The Internal Security Ministry allows it to be in the market, as its contents do not jeopardise national security.The book is available, as several of you have dropped by to tell me, in bookshops across the city.
Prime Minister Datuk Seri Abdullah Ahmad Badawi, who heads the ministry, said it had studied the contents of the book and decided that it should not be subjected to a restriction order under Section 7 (1) of the Printing and Publishing Act 1984.
“The police have also never confiscated or issued warnings on the book,” he said, in a written reply to Chow Kon Yeow (DAP – Tanjong) and M. Kulasegaran (DAP – Ipoh Barat).
The book, May 13: Declassified Documents on the Malaysian Riots of 1969, by academician Dr Kua Kia Soong was snapped up fast after it was launched on that date last month.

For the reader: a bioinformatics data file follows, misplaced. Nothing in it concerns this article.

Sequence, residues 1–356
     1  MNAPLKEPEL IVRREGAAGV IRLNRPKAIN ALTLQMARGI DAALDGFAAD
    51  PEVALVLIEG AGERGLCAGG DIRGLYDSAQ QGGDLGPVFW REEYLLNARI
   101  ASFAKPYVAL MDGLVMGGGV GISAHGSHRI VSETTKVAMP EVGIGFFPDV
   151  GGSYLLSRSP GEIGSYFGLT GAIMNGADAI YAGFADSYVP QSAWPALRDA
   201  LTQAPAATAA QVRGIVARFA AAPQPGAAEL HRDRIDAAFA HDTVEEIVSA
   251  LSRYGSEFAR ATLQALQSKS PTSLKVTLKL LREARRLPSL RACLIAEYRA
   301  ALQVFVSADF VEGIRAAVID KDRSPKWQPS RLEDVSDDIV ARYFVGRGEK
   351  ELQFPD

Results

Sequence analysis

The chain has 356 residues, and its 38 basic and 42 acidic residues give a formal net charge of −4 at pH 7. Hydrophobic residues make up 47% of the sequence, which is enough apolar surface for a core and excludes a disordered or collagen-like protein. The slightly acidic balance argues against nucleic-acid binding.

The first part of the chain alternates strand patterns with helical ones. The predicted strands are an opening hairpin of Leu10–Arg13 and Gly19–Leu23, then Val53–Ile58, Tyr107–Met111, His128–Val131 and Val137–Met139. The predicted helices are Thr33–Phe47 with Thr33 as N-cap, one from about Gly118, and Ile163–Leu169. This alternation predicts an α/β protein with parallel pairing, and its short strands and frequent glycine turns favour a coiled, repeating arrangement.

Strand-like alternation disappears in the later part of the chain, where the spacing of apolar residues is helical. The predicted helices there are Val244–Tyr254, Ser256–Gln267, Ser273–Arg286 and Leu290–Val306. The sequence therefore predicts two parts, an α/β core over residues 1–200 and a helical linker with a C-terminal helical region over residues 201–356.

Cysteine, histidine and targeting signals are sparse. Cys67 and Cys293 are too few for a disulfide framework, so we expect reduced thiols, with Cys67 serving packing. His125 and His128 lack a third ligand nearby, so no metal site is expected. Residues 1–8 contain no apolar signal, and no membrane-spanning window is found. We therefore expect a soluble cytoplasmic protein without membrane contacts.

Several groups called for the book to be banned, prompting the ministry to pick up 10 copies to “study” it.
In his book, Dr Kua, who spent three months researching the documents at London’s Public Records Office, said the May 13 riots was a coup attempt against the then prime minister, Tunku Abdul Rahman, and not a racial outburst.
But the fear of it being banned was what fuelled the dramatic run on sales when the book first came out.